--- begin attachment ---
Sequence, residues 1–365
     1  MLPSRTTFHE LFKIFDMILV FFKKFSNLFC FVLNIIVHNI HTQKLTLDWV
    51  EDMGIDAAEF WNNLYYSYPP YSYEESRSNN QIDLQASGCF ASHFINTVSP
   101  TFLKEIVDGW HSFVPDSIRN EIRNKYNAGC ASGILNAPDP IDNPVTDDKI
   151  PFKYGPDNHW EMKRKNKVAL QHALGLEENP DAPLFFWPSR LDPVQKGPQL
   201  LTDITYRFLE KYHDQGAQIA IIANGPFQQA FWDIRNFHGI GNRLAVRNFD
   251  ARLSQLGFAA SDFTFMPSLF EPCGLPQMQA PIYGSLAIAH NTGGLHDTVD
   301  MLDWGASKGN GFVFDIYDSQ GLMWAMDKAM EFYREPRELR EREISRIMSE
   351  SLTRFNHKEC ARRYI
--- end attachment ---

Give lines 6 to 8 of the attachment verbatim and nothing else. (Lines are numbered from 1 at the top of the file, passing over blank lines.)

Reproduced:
   201  LTDITYRFLE KYHDQGAQIA IIANGPFQQA FWDIRNFHGI GNRLAVRNFD
   251  ARLSQLGFAA SDFTFMPSLF EPCGLPQMQA PIYGSLAIAH NTGGLHDTVD
   301  MLDWGASKGN GFVFDIYDSQ GLMWAMDKAM EFYREPRELR EREISRIMSE